Day 316 of Colourisation Project – March 19
Challenge: to publish daily a colourised photo that has some significance around the day of publication.
Born this day, March 18 1821, intrepid explorer and English scholar, Sir Richard Francis Burton, was a larger-than-life Victorian figure; a captain in the army of the East India Company, he was a man who wore many hats including those of geographer, translator, writer, soldier, orientalist, cartographer, proto-anthropologist, ethnologist, spy, linguist, poet, fencer and diplomat. He was all of this and more, much more than time or purpose allows me here.
Known for his travels and explorations within Asia, Africa and the Americas, he was the first European to discover Lake Tanganyika and the first non-muslim to penetrate hitherto-forbidden Muslim cities.
His life’s accomplishments are the stuff of legend. In 1853 risking certain death, Burton disguised himself as an Islamic pilgrim and trekked to the holy cities of Medina and Mecca. He even underwent the Muslim tradition of circumcision to minimise the risk of being discovered. If his true identity as a European Christian had been exposed, the penalty would have been death. Burton published an account of his pilgrimage in a three-volume book which became an immediate sensation in England elevating his status to that of folk hero.
Burton had an extraordinary gift for languages and the written word; according to one count, he spoke 29 European, Asian, and African languages and numerous dialects fluently. He wrote and translated extensively and is probably best known for his uncensored 16-volume edition of the Arabian Nights (1885–88), the translation of which, according to the Encyclopædia Britannica “was so exceptional for its fidelity, masculine vigour, and literary skill that it has frightened away all competitors.” It is widely considered the definitive edition.
A prolific and erudite writer, Burton wrote numerous books and scholarly articles covering all sorts of topics including, human behaviour, travel, falconry, fencing, sexual practices, and ethnography. He published 43 volumes on his explorations and almost 30 volumes of translations. His books were uniquely endowed with an abundance of footnotes and appendices containing remarkable observations and unexpurgated information.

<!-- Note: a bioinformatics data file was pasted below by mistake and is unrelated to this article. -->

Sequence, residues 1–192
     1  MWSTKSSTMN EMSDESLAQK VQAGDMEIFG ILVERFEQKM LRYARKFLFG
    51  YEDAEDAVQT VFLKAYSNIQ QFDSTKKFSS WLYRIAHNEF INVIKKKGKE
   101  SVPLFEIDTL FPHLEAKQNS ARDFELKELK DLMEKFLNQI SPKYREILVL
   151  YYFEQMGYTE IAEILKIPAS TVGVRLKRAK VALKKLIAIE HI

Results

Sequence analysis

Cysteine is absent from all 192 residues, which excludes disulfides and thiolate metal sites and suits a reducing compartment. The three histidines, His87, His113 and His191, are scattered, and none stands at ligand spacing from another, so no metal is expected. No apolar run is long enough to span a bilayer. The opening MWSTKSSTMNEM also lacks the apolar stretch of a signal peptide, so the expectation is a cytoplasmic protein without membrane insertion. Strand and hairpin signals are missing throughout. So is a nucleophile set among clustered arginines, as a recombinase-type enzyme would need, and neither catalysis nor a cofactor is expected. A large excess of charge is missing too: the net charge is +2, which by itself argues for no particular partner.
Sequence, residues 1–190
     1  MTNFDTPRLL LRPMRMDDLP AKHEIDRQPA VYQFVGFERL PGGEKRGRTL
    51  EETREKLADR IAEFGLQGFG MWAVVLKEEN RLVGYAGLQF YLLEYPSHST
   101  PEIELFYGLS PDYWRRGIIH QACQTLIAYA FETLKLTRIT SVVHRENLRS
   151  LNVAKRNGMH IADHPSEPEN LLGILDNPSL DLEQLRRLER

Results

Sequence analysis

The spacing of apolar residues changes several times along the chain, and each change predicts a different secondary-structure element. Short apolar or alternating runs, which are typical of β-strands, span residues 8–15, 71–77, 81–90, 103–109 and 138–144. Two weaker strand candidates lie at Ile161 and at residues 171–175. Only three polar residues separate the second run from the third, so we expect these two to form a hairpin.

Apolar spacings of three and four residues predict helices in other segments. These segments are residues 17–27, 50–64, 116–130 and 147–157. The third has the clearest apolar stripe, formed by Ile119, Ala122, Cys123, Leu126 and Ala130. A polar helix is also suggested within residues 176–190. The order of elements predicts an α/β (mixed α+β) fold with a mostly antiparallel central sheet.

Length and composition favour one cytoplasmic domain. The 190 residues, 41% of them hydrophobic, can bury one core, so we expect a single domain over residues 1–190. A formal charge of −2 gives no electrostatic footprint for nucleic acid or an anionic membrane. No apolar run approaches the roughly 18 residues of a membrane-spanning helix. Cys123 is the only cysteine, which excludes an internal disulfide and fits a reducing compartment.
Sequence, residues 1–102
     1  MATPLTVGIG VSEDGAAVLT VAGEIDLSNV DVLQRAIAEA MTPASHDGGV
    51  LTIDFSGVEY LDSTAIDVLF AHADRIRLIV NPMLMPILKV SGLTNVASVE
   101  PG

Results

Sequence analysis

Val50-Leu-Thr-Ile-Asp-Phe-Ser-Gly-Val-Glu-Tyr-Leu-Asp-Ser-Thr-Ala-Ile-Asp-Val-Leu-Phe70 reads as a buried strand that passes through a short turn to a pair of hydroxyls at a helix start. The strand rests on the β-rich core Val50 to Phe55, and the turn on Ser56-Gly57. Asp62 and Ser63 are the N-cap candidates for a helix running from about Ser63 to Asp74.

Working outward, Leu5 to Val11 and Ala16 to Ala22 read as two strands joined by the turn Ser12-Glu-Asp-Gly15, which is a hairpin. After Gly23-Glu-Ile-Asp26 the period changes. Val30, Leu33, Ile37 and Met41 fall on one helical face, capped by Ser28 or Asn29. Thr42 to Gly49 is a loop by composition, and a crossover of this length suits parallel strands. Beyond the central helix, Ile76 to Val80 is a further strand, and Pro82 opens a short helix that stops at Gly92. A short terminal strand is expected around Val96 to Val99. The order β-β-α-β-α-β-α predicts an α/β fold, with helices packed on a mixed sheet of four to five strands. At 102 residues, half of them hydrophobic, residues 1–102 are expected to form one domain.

A virtuoso in the field of translation, Burton translated classical and Renaissance literature; he annotated six volumes of poetry by Portuguese poet, Luís Vaz de Camões, a volume of Neapolitan Italian tales by Giambattista Basile, Il Pentamerone, as well as Latin poems by Catullus.
He held a deep interest in the ethnology and languages of the non-European cultures he encountered in Asia, Africa, and North and South America, spearheading the burgeoning field of anthropology. One area that particularly fascinated him was the erotica of the East. This time risking prosecution and imprisonment, he translated and secretly printed the Kama Sutra of Vatsyayana (1883), Ananga Ranga (1885), and The Perfumed Garden of the Cheikh Nefzaoui (1886), thereby furtively introducing the sexual wisdom of the ancient Eastern manuals on the ‘art of love’ to a rather stuffy Victorian Britain. Attracting controversy wherever he went, his frankness in his writings of course offended many.
A true intellect, an expert swordsman and horseman and a secret agent for the British Empire, he participated in ‘The Great Game’, a strategic rivalry between the empires of Britain and Russia….but that’s another story.
In later life he served as British consul in Fernando Po, (the modern island of Bioko in Equatorial Guinea), Santos in Brazil, Damascus in Syria and Trieste in Italy.
Burton was a Fellow of the Royal Geographical Society and was knighted by Queen Victoria in February, 1886.
He died in 1890 of a heart attack in Trieste at the age of 69.